GRAND RAPIDS — Michigan Capital Network netted $37.5 million to date in its drive to raise $50 million for a fourth venture capital fund, a goal that has doubled since fundraising began in early 2022.
The amount raised so far for Michigan Capital Network Venture Fund IV L.P. came from 91 investors, according to a Jan. 24 regulatory filing with the U.S. Securities and Exchange Commission.
The closing this month on the $37.5 million included investments from two institutional investors and provides strong momentum for continuing fundraising, which Managing Partner Dale Grogan expects will run through the first quarter.
“We’ve hit our stride and we have the right story and the right market conditions,” Grogan said. “History suggests that we’ve been doing a pretty good job.”
Michigan Capital Network manages four venture capital funds and five angel investor groups: Grand Angels in Grand Rapids, Ka-zoo Angels in Kalamazoo, Woodward Angels in Detroit, Flint Angels and BlueWater Angels in Midland. The groups collectively have more than 200 members.
The Grand Rapids-based Michigan Capital Network focuses on seed and Series A-round investments, usually with other investors, for startups primarily involved in life sciences, advanced manufacturing and software. The investment firm holds positions in 45 portfolio companies and deployed $75 million in capital over 19 years through its venture capital funds and angel investors that co-invest in a deal, Grogan said. The organization invested $10.7 million in 2022.
Michigan Capital Network originally intended to raise $25 million for its fourth fund. The firm increased the goal last year to $35 million and, based on its ongoing success at fundraising, raised the target again to $50 million.
The larger fund will have the ability to “write larger checks” in Series A and early Series B rounds that will come with greater involvement in a portfolio company, perhaps through a board seat, Grogan said.
“It gives us greater influence. When you get to come in and say, we can take a larger piece of the round or we can be the lead investor, that gives you the ability to get access to the company,” he said. “We are active investors and we want to add that role. We’ve been in a lot of deals and that experience should help the entrepreneur, who may or may not have been through the entire business life cycle.”
Since launching in early 2022, Michigan Capital Network Venture Fund IV has already completed seven investments using committed proceeds. Grogan expects the fund to equal that deal flow in 2023 and make up to 24 investments over the next two years.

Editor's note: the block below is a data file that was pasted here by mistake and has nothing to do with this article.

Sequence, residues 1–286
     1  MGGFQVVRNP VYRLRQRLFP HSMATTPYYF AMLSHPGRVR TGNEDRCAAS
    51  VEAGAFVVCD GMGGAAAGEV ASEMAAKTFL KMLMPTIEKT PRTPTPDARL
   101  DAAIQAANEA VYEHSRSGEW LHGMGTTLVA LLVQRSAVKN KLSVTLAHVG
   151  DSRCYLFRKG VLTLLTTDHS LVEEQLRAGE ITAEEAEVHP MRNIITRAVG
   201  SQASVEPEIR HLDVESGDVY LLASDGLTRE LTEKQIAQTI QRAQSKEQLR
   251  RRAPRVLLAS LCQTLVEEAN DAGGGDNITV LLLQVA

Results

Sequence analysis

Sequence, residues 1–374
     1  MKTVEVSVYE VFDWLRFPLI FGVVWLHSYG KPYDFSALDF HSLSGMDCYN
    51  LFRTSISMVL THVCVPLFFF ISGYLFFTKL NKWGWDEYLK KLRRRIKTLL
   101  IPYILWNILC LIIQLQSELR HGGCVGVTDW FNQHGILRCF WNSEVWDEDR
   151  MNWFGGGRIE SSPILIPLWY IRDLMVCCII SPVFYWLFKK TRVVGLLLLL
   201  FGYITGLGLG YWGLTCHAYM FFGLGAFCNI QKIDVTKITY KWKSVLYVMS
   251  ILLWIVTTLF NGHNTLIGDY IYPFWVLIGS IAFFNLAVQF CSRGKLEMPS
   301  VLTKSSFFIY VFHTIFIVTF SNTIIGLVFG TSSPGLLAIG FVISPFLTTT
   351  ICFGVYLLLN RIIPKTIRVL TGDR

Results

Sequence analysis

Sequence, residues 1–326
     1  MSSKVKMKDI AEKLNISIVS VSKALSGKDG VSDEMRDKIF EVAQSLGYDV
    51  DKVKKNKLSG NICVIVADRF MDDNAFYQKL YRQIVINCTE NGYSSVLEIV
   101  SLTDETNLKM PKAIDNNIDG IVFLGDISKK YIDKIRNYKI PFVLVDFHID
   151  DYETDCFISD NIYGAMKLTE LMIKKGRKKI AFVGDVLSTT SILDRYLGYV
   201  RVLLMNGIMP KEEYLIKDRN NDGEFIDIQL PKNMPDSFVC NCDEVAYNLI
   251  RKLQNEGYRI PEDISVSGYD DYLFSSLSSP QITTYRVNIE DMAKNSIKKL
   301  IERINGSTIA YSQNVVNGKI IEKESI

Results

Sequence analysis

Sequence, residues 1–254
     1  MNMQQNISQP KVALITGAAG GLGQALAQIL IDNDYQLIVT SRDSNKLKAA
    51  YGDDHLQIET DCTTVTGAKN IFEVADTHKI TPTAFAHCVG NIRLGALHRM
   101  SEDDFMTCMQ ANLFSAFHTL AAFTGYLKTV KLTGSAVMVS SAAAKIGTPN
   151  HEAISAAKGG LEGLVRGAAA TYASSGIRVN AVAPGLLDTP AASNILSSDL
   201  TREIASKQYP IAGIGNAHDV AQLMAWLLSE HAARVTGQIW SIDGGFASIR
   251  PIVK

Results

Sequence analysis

The present deal pipeline remains full, he said.
“We looked at 2,500 deals last year, and so the top of the funnel is just brimming,” Grogan said. “But the bottom of the funnel, in terms of the number of deals that we’re doing, is really good.”
In raising capital for its fourth fund, Michigan Capital Network has drawn support from a broader spectrum of investors that include public- and private-sector institutional investors that invested along with individuals and family offices, Grogan said.
The institutional investors “came in with significantly larger checks,” making the “numbers balloon very quickly” and lifting the fundraising beyond the $35 million goal. As Michigan Capital Network fundraises toward the larger $50 million goal, “we’re talking with a few more” institutional investors who could help the fund achieve its target, he said.
A recent quarterly report from Pitchbook and the National Venture Capital Association listed just two firms in Michigan that closed on capital raises last year that netted a combined $25 million, although that tally could increase as firms report closes that occurred late in the year.
In 2021, 13 venture firms in the state raised $140.2 million. A year earlier in 2020, nine firms raised $500.4 million, according to Pitchbook and NVCA data.
Nationwide, 769 venture capital funds raised a record $162.6 billion in 2022, according to the quarterly Venture Monitor report. That compares to 1,270 funds that raised $154.1 billion a year earlier.
More than 70 percent of the venture capital raised in 2022 went to funds of $500 million or more that are led by experienced fund managers.
“The activity suggests that investors are less willing to take gambles on new managers without historical track records or go through the costly exercise of performing due diligence on new firms,” according to the fourth quarter Venture Monitor report.